Is this meant to be limited to the marriage relationship? I do not think so. Regardless, it is the essential, tangible framework by which a marriage will stand and succeed. For it is "a sacrificial commitment to the good of the other."[11] It is from friendship that love begins to find deeper expression and strength, where a person can respond to and pursues divine calling with the greatest vigor and focus. Friendship is about growth through communal belonging, accountability, and purpose. "When looking for a marriage partner, each must be able to look inside the other and see what God is doing and be excited about being part of the process."[12]

Read that last sentence again.

Who should I marry? I should marry someone who inspires me; not only because of what God is doing through her—and my desire to support and foster that—but also because she recognizes what God is doing through me, and wants to encourage and cultivate that in me. This must not be overlooked. Its presence harbors the means for peace in relationship. Its absence harbors the potential for collapse.

There is more.

Love is a curious dance of leading and following, serving and being served, selfishness and selflessness. That is the nature of being human, really. In a way, that is the nature of God. Love is not free. It requires something of us. There is both a giving and receiving necessary. It requires death and life. "A marriage is not a joining of two worlds, but an abandoning of two worlds in order that one new one might be formed."[13] Am I willing to release some of my desires for her? Is she willing to do the same for me?

There is tension in this. Like with a stringed instrument, too much tension will snap the strings, making them useless. Too little tension, however, will yield no pure sound and melody. It is a fragile force. Yet with the right tension and practice, it becomes increasingly natural and spontaneous to experience beautiful wonders.

There is still more.

There is an incredible spectrum of choice inherent to relationships, both in friendship and romance. There is a lot of room for variety, beginnings, and endings. Ideally, that choice is covenantal in its love. Though friendship generally lacks the legality of marriage or the same implications if broken, the sacred commitment to love and grace should essentially be the same. Yet marriage does require a greater commitment. Mason writes, "A vow is, per se, a confession of inadequacy and an automatic calling upon the only adequacy there is, which is the mercy and power of God. . . . it is the protection of an inexhaustible forgiveness."[14] In other words, marriage is meant to be protected and fought for more than any other human relationship. If only it was honored that way more often.

Overall, understanding and recognizing friendship is how I begin to perceive who I should marry. It is a frail answer because I am a frail being. It is a subjective choice because each person is unique and God allows me a degree of freedom to choose. Still, it needs discernment of divine inspiration: movement and direction. Furthermore, once that relationship is chosen, it is sacred. It requires dedicated commitment. I choose to commit. God helps me sustain that commitment through his mercy and grace.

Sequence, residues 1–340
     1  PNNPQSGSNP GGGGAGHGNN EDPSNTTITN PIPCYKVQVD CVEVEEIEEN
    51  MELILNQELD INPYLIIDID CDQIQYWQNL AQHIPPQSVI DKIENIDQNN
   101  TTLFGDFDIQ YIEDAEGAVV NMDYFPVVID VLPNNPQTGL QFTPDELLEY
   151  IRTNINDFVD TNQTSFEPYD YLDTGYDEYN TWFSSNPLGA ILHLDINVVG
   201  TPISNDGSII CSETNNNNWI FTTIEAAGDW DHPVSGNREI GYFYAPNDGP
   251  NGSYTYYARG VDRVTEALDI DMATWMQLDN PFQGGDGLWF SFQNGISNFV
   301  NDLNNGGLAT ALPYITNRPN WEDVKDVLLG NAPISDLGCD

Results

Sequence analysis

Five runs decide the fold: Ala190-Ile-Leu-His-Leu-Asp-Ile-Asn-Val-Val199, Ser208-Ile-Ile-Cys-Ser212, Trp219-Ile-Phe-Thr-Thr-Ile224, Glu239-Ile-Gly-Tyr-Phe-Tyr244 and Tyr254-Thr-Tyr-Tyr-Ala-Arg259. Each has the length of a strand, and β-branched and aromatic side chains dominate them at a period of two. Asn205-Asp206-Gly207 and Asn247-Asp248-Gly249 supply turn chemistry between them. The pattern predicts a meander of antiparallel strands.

Yet this answer is still not quite enough to satisfy the title question with specific guidance. I have a direction, but I do not have enough clarity.

Reviewing what I know so far:

  1. I could marry someone because there is purposeful meaning in sharing the love of God with a human being. This is the foundation of a reason, that which will offer the most life, but it is not reason enough because it does not guide to anyone in particular. It is for everyone.
  2. I could marry someone because there is a transformative gift in sharing the love of friendship with another person. This is the root of a reason to marry someone, that which will draw forth the most tangible sustenance perhaps, but it too is not reason enough. I do not have the capacity to invest in friendship with everyone, but it is not for me to only share with one person.

There is something more that is necessary: something mysterious, beautiful—something that distinguishes marriage from all the rest. The remaining aspect of an answer is riskier: raw, uncertain, and dangerous. Yet it cannot be ignored. One more delicate step farther is necessary.




[1] More on this in the next and final post, Part 3.
[2] Mike Mason, The Mystery of Marriage 72.
[3] For a detailed examination of the patience of God, read my blog post, "Is God patient?"
[4] Mike Mason, The Mystery of Marriage 154.
[5] Ibid. 175.
[6] For a more detailed exposition on friendship, read my blog post, "What is friendship?"
[7] C.S. Lewis, The Four Loves 66.
[8] See Timothy & Kathy Keller, The Meaning of Marriage 113.
[9] Ibid. 14-15.
[10] To understand the essence of what it means for a Christ-follower to stand, see Ephesians 6:10-18.
[11] Timothy & Kathy Keller, The Meaning of Marriage 80.
[12] Ibid. 122.
[13] Mike Mason, The Mystery of Marriage 103. I appreciate how my friend, Pastor Jay Kim, writes in his blog post, "All the Single Ladies (And Gentlemen): An Apology": “And you, my single friends, some day your gift too might be taken away. Some guy or gal will swoop in and take it. The gift of your singleness will be gone and you’ll be given a different gift. Whatever gift we have at this very moment, let’s embrace and enjoy it while we can. Let’s be grateful."
[14] The Mystery of Marriage 106.